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Study Supports Vacuum-Assisted Birth

Finds method is as safe as delivery with forceps

FRIDAY, July 2, 2004 (HealthDayNews) -- Since a federal warning in 1998, some obstetricians have been leery of helping women give birth by using a plunger-like device to pull the baby out of the womb.

Now, new statistics suggest the technique -- used in rare cases when the woman's health is threatened -- is getting a bad rap.

In a study published in the July 3 issue of the British Medical Journal, American researchers report that so-called vacuum-assisted birth is at least as safe as an alternative approach that relies upon the use of forceps. Combined, the two techniques account for an estimated 8 percent of births, and often let women avoid the potentially more dangerous Caesarean section.

The findings should make doctors feel better about using the vacuum-assisted approach, said Dr. Gary Hankins, chief of obstetrics at the University of Texas Medical Branch at Galveston. "This is going to counter any ill effects that the Food and Drug Administration [FDA] inadvertently got with their warning."

Most American babies are born the old-fashioned way: Contractions push them out of the womb. But when there are complications, doctors often must step in to help the baby get out properly.

In some cases, the mother is too tired to push anymore, Harkins said. In others, doctors are worried about stressing the mother because of heart or respiratory conditions. The baby itself may have trouble, too.

Caesarean sections are the most common alternative approach, making up nearly 30 percent of births, Hankins said. But doctors also pull out babies by using forceps to grab the baby's head just below the cheekbones or by using a plunger-like suction cup to grab the baby's skull.

The vacuum approach has grown in popularity over the past 20 years, Hankins said, notwithstanding the FDA warning. Both approaches have pros and cons: The vacuum technique helps doctors gain more pulling power, but it's easier to rotate the forceps and adjust the baby's position as it comes out, he said.

In 1998, the FDA put a chill on the vacuum technique by warning that it could cause deaths. But "nobody looked at the data involving a huge number of deliveries," said study co-author Dr. Kitaw Demissie, an assistant professor of epidemiology at the University of Medicine and Dentistry of New Jersey. "The FDA warning was based on a very small number of reported cases."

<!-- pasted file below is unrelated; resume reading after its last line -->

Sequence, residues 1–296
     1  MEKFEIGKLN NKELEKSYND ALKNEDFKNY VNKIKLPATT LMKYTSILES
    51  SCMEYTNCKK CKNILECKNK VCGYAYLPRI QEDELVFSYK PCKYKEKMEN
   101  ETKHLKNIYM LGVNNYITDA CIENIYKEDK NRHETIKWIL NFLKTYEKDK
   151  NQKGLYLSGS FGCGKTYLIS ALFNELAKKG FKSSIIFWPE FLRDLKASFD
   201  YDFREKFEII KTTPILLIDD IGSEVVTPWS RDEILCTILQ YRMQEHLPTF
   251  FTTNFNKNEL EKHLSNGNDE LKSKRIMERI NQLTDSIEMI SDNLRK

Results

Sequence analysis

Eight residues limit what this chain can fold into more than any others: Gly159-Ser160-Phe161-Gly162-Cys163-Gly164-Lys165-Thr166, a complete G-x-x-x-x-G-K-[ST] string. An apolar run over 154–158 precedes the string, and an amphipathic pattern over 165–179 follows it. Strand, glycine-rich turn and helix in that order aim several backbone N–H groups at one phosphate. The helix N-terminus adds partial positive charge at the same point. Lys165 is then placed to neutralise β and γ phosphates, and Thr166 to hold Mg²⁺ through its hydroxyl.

In the new study, researchers examined reports of about 12 million live births in the United States from 1989 to 1998 and compared the risks of death and injuries between vacuum extraction and forceps deliveries.

The overall risks of both techniques were similar, according to the study, and researchers concluded that vacuum-assisted deliveries were at least as safe as forceps-assisted ones. One percent of babies removed with forceps suffered birth injuries, while slightly fewer were injured during vacuum-assisted deliveries. Both techniques, however, were riskier than normal delivery.

Potential problems occur when the forceps or suction cups harm the baby's head, Hankins said. Even so, emergency C-sections are even more potentially dangerous, he said, giving doctors plenty of motivation to avoid them if possible by trying the other techniques.

So what now? At the FDA, spokeswoman Kathleen Quinn said the agency supports the study and more research into the safety of delivery methods. "There does need to be more information for people to make an informed decision," she added.

As for obstetricians, Hankins predicts that they'll continue to use the technique they're most comfortable with. In some cases, that will be the forceps, which are easier to use. "There's not a right or wrong," he said. "It's a difference in training."

More information

To read more about different birth methods, visit the National Library of Medicine.

SOURCES: Gary Hankins, M.D., chief, obstetrics, University of Texas Medical Branch, Galveston; Kitaw Demissie, M.D., Ph.D., assistant professor, division of epidemiology, University of Medicine and Dentistry of New Jersey, Piscataway; Kathleen Quinn, spokeswoman, U.S. Food and Drug Administration, Washington D.C.; July 3, 2004, British Medical Journal
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